The long-ball to Yann is an easy option, and rightly it has been pointed out that we resort to it too often. When used well, it is a deadly weapon, as Kermorgant has the ability to rise above defenders and create goal-scoring opportunities. However, when defences work out how to deal with it, which usually involves inhibiting Yann so that he can't leap as successfully, alternative routes to goal need to be used. Kermorgant dropping deep offers a good option as he is a skilled distributor, but the issue today was a lack of space as well as a lack of quality out wide. We struggled to get Stewart in good advanced positions. Jackson is better employed centrally. Without the full-backs charging forward we have little else to offer, especially when the midfield has little time on the ball. What all these deficiencies really point to is a lack of quality player able to change the game.
Our squad is thin, and after two seasons without investment, its lack of evolution is becoming clear. Powell continues to do a great job with the players available, but the lack of depth in quality means he is restricted in his tactical approach. Without the variety, there is no reliable formation set in stone that will guarantee success. The players work hard and often they are rewarded for their graft with victory, but when that extra bit of quality is required to get something from a game, we often fall down.
The potential takeover offers hope, along with fears of a relocation from the Valley. In the short term, though, it could provide the relief needed. There is no doubt that the uncertain contract situation will be affecting various players in different ways from others. Uncertainty breeds doubt, and confidence falls. Whilst today's performance is clearly not all down to the off-field situation, it certainly plays its part. If the purchase of the club does go through, the contract situation needs to be resolved quickly, as it will bring necessary stability. The potential to bring in a couple of quality players, especially in attack, would hopefully bring the impetus we need to increase our goals-per-game ratio. That said, without it we need a more balanced strategy. The searching balls for Church are too often uncusccessful, and without dominance in the air, long-balls to Yann become too much of a lottery. What is missing is composure, conviction and accuracy. When chances do come, we need to be far more clinical, but the lack of opportunities created must be remedied as well. To do that, the midfield needs to be stronger, and the defence must refrain from pumping long-balls forward all the time. Kermorgant and Church received poor service, with the former having to adjust to inaccurate long-balls too often, and the latter chasing numerous lost causes. With accuracy and composure we may have created an opening to level the game.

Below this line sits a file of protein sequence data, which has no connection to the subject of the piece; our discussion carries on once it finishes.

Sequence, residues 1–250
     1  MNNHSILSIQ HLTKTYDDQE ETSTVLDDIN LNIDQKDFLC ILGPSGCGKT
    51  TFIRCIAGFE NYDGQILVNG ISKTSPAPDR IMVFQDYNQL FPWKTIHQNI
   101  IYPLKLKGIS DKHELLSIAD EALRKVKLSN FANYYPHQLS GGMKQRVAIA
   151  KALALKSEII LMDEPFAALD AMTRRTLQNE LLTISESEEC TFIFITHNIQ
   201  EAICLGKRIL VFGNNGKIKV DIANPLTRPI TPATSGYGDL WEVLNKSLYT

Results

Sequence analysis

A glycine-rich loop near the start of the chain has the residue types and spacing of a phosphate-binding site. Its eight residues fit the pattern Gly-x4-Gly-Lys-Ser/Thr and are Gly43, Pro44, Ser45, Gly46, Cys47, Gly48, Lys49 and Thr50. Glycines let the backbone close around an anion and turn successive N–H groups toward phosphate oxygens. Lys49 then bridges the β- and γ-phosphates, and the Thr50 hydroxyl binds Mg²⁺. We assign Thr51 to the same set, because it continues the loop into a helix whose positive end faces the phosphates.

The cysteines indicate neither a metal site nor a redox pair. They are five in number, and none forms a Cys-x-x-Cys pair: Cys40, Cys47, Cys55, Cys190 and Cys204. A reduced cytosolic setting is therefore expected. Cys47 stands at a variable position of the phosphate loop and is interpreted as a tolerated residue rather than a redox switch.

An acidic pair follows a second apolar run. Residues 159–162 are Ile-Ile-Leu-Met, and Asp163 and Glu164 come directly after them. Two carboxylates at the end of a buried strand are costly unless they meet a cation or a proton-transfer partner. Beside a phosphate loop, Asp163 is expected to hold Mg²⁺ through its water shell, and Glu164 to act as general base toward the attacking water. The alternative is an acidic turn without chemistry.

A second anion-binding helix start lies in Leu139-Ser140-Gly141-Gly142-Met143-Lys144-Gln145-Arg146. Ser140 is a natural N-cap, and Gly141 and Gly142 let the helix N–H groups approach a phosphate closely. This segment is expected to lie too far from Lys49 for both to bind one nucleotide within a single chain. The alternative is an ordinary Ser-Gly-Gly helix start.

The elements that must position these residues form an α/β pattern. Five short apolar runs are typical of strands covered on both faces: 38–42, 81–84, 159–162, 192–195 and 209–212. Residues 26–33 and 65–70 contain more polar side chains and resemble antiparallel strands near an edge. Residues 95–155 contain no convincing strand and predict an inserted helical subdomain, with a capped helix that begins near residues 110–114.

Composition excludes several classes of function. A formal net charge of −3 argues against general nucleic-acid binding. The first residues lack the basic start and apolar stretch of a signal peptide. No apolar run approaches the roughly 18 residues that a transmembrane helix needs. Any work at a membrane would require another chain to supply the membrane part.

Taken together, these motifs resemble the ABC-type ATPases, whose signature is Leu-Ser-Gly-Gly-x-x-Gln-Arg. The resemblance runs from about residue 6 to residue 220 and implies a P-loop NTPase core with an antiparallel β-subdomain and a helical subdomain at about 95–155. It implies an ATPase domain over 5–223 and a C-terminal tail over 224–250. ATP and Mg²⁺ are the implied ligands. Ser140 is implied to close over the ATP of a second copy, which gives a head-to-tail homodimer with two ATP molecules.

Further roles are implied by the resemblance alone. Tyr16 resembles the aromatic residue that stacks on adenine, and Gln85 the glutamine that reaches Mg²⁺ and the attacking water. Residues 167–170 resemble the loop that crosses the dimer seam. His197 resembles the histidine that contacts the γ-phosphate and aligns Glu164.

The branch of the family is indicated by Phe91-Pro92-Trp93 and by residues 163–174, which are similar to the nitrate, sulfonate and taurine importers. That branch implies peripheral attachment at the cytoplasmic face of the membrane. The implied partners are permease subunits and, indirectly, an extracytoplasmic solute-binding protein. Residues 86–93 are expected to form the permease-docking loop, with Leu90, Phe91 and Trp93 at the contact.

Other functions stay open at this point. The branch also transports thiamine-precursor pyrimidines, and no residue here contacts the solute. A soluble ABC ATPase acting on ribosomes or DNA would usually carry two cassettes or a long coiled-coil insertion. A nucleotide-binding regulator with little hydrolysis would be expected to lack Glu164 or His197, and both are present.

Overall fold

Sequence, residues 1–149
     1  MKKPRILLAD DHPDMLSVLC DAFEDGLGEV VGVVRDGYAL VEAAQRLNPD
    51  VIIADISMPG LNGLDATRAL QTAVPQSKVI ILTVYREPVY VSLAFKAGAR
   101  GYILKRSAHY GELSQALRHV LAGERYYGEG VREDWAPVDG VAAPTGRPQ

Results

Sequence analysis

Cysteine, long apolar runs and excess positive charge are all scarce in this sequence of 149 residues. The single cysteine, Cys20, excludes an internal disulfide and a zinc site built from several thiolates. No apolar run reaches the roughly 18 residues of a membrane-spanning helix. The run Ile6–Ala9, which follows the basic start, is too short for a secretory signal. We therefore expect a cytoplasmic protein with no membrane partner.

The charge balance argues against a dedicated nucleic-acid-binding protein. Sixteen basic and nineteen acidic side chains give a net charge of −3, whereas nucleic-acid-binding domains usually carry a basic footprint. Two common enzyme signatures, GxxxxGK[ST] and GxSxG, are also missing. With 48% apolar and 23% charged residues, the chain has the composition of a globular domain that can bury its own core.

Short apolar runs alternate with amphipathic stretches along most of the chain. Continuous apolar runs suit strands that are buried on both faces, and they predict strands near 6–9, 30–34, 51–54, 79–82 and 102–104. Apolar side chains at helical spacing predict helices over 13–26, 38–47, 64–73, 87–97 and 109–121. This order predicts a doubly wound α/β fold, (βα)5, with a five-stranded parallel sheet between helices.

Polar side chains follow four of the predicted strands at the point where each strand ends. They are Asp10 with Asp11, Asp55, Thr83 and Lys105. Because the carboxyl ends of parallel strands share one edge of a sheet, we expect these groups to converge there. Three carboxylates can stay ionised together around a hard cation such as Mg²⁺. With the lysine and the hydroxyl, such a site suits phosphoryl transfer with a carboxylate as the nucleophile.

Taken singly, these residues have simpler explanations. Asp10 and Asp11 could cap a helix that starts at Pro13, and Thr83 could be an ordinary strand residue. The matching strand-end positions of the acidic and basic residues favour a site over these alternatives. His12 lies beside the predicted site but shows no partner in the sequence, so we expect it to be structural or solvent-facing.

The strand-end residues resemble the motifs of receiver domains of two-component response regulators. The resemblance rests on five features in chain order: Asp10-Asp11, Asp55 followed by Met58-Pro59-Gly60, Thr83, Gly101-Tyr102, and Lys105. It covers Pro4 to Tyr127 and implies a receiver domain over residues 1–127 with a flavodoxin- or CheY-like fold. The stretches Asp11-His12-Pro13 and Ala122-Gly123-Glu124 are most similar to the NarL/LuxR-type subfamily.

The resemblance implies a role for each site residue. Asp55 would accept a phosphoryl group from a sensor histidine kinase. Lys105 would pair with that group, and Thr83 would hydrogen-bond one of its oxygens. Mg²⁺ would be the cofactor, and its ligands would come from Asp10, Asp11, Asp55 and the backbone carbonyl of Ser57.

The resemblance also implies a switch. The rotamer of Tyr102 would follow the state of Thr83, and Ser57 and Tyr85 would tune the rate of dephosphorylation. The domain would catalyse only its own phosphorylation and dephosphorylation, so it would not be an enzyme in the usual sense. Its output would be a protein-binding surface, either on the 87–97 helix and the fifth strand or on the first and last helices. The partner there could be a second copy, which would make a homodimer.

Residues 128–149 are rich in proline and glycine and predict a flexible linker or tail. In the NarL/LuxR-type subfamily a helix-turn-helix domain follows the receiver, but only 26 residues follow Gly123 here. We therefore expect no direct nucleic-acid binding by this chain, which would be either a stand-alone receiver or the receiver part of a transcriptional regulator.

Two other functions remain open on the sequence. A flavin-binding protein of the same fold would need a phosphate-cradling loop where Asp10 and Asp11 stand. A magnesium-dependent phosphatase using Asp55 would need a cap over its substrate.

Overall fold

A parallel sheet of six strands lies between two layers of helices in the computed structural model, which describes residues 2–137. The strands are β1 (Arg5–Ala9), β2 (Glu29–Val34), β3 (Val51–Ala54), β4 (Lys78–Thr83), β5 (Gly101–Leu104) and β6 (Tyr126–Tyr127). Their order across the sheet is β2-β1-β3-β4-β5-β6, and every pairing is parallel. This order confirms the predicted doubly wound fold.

Credit must be given to Ipswich. It was a classic Mick McCarthy victory, which involved defending the lead from early on with high-tempo pressing up the pitch. His tactics played a massive part in the result. Charlton improved as the game went on, but failed to find the incision required. I never like to hear booing, but the crowd's reaction was one of frustration at full-time, understandable after a game with such limited success. Criticism of Powell overlooks the issue he has with squad depth - his options are extremely limited. He is confident in the eleven men he sends out onto the field, but is not always rewarded with success. He will be as gutted as anyone after the defeat, and will use the pain to motivate a return to form.
The whole afternoon was one that is best forgotten, mainly due to the crippling despair it inflicted on me. Looking ahead, we have the chance to repeat our successes away from home with trips to Reading and Yeovil. The latter is a huge fixture - potentially what pundits love to call a "six pointer". I will simply term it a must-win game. We are struggling - that much is clear to see. Faith in the manager and the squad is required. If investment does come, Powell is exactly the man to use it wisely. Now is not a time to panic. There is plenty of time left in the season, but still clearly a lot of work still to do.
Keep the faith.